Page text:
The New Mexico Water Resources Research Institute is located in Las Cruces, New Mexico at New Mexico State University. The NM WRRI was established in 1963 by the New Mexico legislature and approved under the 1964 federal Water Resources Research Act. The institute funds research conducted by faculty and students from universities across the state to address water problems critical to New Mexico and the Southwest. The institute also participates in joint efforts to solve water-related problems along the U.S./Mexico border.
Through its support of research and its interaction and cooperation with other water resources entities, the institute continusously strives to alleviate water problems, working toward ensuring an ample supply of high quality water for future generations.
News / Upcoming Events
Technical Completion Report 366, "Validation, Calibration, and Improvement of Remote Sensing ET Algorithms in Mountainous Regions Using Scintillometers"
by Jan M.H. Hendrickx, Hydrology Program, Department of Earth & Environmental Science, New Mexico Tech and Jan Kleissl, Department of Mechanical and Aerospace Engineering, University of California at San Diego (Formerly at Hydrology Program Department of Earth & Environmental Science New Mexico Tech)
Technical Completion Report 365, "Distribution and Transport of Pyrogenic Black Carbon in Soils Affected by Wildfires, Valles Caldera, New Mexico, with Implication for Contaminant Transport"
by Daniel Cadol, Amy Galanter, Phoebe Nicholls of the Department of Earth and Environment Science at New Mexico Institute of Mining and Technology.
The December 2014 issue of the Divining Rod newsletter is now available online at:
USGS 104G Water Resources Research National Competitive Grants Program Fiscal Year 2015
If you are interested in submitting a proposal, please contact NM WRRI Director Sam Fernald (575-646-4337; email@example.com) or Cathy Ortega Klett, (575-646-1195;firstname.lastname@example.org) as soon as possible. Proposal and budget should be reviewed by NM WRRI no later than February 10, 2015.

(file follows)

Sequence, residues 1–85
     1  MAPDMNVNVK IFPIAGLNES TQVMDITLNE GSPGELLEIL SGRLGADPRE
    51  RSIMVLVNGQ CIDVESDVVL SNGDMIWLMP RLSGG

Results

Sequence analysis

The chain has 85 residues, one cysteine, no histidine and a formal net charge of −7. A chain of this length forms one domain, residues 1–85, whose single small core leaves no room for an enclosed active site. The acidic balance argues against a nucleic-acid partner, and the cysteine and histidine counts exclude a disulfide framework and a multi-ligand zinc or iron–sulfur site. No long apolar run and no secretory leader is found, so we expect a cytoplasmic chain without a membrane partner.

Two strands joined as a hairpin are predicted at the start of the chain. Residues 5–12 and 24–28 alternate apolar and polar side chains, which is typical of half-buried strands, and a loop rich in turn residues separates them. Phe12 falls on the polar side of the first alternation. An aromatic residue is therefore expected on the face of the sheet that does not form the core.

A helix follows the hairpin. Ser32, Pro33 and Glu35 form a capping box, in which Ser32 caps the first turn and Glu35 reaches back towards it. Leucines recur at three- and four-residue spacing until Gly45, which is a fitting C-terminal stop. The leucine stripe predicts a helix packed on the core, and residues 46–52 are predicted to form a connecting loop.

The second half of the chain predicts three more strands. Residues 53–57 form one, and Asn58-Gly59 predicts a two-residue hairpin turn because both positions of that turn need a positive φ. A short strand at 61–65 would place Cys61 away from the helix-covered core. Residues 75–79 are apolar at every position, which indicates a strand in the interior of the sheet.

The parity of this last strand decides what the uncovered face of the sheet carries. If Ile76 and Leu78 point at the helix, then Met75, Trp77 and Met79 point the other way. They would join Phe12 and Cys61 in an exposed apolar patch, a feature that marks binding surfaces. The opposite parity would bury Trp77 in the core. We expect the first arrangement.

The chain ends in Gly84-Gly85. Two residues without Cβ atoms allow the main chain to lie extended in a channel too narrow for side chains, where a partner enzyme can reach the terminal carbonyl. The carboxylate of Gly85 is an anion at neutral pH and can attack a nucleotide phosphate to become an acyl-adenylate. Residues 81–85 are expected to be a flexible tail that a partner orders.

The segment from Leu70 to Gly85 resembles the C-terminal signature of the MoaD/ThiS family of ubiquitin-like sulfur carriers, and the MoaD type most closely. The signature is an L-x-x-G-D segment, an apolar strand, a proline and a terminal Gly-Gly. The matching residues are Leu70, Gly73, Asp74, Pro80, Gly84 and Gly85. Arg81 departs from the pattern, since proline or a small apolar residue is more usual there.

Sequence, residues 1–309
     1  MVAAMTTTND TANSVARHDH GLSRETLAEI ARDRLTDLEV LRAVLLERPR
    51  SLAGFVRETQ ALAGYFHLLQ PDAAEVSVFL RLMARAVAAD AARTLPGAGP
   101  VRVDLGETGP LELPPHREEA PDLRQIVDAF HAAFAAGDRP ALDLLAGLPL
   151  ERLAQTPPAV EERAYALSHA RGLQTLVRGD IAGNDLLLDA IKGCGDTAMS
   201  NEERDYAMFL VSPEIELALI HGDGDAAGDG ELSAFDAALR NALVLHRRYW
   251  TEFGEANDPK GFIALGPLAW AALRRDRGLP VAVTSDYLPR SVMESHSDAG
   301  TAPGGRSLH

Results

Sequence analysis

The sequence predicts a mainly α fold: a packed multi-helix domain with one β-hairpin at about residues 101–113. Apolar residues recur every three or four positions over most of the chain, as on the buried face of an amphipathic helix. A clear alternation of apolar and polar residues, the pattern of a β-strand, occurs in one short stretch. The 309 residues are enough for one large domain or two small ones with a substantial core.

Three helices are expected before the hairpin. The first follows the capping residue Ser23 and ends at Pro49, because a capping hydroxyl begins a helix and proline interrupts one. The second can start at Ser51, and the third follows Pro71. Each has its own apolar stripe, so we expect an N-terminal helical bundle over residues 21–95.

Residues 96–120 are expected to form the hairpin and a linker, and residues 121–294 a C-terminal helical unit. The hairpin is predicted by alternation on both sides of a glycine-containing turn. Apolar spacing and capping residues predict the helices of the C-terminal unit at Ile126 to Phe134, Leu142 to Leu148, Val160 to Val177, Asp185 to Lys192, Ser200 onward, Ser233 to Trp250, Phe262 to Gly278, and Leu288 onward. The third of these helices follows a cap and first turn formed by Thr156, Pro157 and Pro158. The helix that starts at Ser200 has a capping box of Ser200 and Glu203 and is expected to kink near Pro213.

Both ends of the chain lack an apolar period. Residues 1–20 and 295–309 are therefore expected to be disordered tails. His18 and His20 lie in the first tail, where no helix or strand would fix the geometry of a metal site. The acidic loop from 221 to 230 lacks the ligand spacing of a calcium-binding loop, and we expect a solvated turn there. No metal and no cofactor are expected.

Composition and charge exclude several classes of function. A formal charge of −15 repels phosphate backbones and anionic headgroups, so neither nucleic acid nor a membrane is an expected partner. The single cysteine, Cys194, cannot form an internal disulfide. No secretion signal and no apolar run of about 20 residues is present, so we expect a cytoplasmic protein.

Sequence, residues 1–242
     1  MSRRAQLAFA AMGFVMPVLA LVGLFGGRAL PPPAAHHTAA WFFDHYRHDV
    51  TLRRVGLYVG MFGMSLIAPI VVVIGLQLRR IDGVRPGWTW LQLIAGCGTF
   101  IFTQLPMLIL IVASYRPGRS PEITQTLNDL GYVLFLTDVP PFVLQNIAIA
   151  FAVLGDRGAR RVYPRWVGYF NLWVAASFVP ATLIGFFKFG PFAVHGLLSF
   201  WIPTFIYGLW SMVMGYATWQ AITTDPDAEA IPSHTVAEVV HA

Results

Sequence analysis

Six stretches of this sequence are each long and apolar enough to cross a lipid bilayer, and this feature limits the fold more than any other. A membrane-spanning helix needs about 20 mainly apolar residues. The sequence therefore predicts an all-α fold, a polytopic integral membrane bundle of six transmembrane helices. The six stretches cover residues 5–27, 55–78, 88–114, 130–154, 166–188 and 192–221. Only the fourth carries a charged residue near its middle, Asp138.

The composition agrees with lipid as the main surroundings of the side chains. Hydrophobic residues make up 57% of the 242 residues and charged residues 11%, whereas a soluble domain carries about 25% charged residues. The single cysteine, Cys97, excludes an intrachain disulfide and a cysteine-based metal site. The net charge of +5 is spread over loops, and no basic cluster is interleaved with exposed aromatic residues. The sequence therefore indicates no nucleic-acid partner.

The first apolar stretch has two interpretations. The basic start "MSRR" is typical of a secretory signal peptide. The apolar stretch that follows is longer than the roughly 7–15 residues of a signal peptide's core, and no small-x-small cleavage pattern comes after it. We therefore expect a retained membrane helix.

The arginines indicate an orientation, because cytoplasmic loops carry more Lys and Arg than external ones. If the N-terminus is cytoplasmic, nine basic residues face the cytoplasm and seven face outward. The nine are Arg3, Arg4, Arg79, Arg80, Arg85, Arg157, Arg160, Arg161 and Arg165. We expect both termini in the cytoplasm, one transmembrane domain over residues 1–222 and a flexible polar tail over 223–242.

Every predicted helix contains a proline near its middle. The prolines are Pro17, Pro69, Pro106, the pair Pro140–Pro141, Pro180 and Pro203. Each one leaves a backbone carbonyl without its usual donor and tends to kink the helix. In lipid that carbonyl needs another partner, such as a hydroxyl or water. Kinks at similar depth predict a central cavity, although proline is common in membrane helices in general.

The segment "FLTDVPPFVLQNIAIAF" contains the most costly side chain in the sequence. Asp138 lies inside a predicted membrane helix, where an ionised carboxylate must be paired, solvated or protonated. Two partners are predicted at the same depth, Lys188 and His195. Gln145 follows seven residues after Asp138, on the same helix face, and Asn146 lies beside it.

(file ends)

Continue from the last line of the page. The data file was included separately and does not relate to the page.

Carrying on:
The U.S. Geological Survey in cooperation with the National Institutes for Water Resources requests proposals for matching grants to support research on the topic of improving and enhancing the nation's water supply and availability, and promoting the exploration of new ideas that address or expand our understanding of water problems. Included are the following specific areas of inquiry (levels of priority are not assigned, and the order of listing does not indicate the level of priority):
- Evaluation of innovative approaches to water treatment, infrastructure design, retrofitting, maintenance, management and replacement.
- Exploration and advancement of our understanding of changes in the quantity and quality of water resources in response to a changing climate, population shifts, and land use changes; including associated economic, environmental, social, and/or infrastructure costs.
- Development of methods for better estimation of water supply, both surface and groundwater, including estimation of the physical supply and of the economic supply of water.
- Development and evaluation of processes and governance mechanisms for integrated surface/groundwater management.
- Evaluation and assessment of the effects of water conservation practices, as well as adoption, penetration and permanence.
This program provides university researchers with up to $250,000 for projects of 1 to 3 years in duration. It requires a 1:1 non-federal match. The intent of the program is to encourage projects with collaboration between universities and the USGS. Funds have not been appropriated for this program but the USGS is proceeding with the proposal solicitation process in case an appropriation is received. General information on this program is available at http://water.usgs.gov/wrri/national-competitive-grants.php. Links are provided to information on past year funding and the 2015 RFP.
Researchers must submit their proposal online at the NIWR.net website. The deadline is February 19, 2015, by 5:00 p.m. Eastern Time.